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Friday, Oct 31, 2014

Light Rain, 44 °F

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The Cecil Hemley Society

Cecil Hemley

Photo courtesy of: The Office of University Advancement

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Ohio University Press finds friends in current and emeriti faculty


When budget cuts put the life of the Ohio University Press/Swallow Press in jeopardy, two university professors jumped in to insure that the press could not only continue production, but be able to maintain its reputation of excellence as a university press.  

The Charles J. Ping Professor of Humanities, Professor of Classics, and the chair of Classics and World Religion Department Tom Carpenter and Trustee Professor of English Literature Sam Crowl founded The Cecil Hemley Society in December 2010, to support the press, which is named in honor of its first professional editor. Society members include faculty, staff, alumni and friends who provide the press with financial, professional, and intellectual support.  

Crowl says professors in the humanities and the social sciences have a natural passion for presses.

“It’s just what we do. We write books and we read others as we pursue the way in which we contribute to the creation of knowledge,” he said.

The group quickly amassed 20 members and hopes to welcome 30 more individuals within the next year, said Crowl. When asked why he feels so compelled to support the Press, Crowl laughed and he pointed to a row of his books nestled in shelves on the wall. His answer is simple.

“Nothing means more to faculty in the humanities than books! They’re our lifeblood. Forming the Society is a natural way to support something that I believe in and that I love,” he said.

Crowl added that the press is one of the reasons he was attracted to Ohio University 40 years ago.

“The existence of the press was a mark of excellence for this University—it showed that it took learning and scholarship seriously,” he said.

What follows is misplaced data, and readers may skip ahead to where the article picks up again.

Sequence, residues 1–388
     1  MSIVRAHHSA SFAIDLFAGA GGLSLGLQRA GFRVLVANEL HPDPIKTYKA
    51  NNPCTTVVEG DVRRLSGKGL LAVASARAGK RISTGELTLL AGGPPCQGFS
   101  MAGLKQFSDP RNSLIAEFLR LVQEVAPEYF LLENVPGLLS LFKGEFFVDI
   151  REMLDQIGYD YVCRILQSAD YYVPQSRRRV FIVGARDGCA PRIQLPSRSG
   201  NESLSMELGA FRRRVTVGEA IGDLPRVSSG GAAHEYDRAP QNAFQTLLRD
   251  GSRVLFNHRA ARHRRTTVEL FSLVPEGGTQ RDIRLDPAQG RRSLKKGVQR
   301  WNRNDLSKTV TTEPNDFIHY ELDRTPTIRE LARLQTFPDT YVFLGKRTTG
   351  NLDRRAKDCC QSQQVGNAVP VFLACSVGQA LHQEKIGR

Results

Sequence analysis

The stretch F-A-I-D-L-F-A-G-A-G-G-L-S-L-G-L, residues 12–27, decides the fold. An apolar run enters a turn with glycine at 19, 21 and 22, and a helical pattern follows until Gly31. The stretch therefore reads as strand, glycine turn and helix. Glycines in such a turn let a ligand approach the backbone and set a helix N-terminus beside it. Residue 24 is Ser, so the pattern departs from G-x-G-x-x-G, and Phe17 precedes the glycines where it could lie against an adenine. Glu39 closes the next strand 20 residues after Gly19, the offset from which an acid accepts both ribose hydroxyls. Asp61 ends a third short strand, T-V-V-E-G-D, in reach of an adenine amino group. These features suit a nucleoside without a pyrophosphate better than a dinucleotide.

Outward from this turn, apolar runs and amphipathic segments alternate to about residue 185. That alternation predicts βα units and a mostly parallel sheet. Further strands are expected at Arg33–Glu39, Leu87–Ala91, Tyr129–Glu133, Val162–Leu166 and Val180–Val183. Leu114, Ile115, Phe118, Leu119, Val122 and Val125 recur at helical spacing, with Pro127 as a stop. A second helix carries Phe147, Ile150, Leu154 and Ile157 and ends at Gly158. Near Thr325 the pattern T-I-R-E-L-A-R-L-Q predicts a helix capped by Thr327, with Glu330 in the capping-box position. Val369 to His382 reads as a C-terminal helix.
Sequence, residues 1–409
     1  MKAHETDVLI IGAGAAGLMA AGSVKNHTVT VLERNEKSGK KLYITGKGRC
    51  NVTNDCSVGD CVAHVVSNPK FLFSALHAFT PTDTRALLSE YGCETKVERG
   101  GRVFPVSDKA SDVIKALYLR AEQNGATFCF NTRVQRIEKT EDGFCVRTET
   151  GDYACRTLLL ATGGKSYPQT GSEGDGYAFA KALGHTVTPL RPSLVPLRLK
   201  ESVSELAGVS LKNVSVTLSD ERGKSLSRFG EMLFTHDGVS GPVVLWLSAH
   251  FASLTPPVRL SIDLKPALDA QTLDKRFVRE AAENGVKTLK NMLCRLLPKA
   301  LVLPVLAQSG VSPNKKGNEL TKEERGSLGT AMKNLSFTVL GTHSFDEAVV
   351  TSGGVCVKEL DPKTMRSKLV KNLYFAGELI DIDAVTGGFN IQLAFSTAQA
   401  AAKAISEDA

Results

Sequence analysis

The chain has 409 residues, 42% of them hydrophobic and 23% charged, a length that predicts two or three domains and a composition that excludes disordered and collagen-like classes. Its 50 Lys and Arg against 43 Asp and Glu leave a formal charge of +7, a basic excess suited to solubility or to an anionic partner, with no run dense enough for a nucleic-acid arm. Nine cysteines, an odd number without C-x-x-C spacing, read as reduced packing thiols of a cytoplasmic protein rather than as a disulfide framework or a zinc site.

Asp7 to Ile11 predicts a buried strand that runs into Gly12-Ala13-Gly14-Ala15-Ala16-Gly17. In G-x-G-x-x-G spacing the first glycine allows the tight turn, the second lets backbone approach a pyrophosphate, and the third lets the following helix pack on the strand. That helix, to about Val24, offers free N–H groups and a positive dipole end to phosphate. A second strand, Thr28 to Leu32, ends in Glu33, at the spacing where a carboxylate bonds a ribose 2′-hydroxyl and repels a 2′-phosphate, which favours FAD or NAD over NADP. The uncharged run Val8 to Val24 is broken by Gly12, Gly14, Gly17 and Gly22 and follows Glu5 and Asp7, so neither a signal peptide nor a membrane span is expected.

Carpenter cited the multitude of benefits the University receives from the work of the press as his reason for being a society member.

“The press is an important part of Ohio University because in education, it isn’t the money that matters as much as what we as educators—we as thinkers—do. If we start losing our presses, then we can’t publish anymore,” he said. “University presses are particularly vital because they don’t depend on the commercial business model and therefore can provide a venue for ideas that would not otherwise reach a public.

Many books published by the press are reviewed by The New York Times and other major publications and journals, Carpenter explained. He then summed up the society’s reason for being.

“Books are crucial, so presses are crucial,” he said.

Visit www.ohioswallow.com for more information about Ohio University Press/Swallow Press. More information about supporting the Press can be found at www.ohioswallow.com/support.

Emeriti Day Feb. 3

A celebration of the Ohio University Press will be held in Baker University Center, Room 219, from 3 – 5 p.m on Friday, Feb. 3, as the second annual Emeriti Day.

Authors of two current publications will speak:

Ian Adams, author of "A Photographers' Guide to Ohio," will illustrate his talk with pictures.

Katherine Ziff will introduce her book about the Athens Lunatic Asylum, "Asylum on the Hill," which will be available later in February.

Staff of the Press will tell us about current and future publications. Sam Crowl will review some of the history of the Press and current efforts to assure its continuation, including the Cecil Hemley Society.

Books will be available for purchase.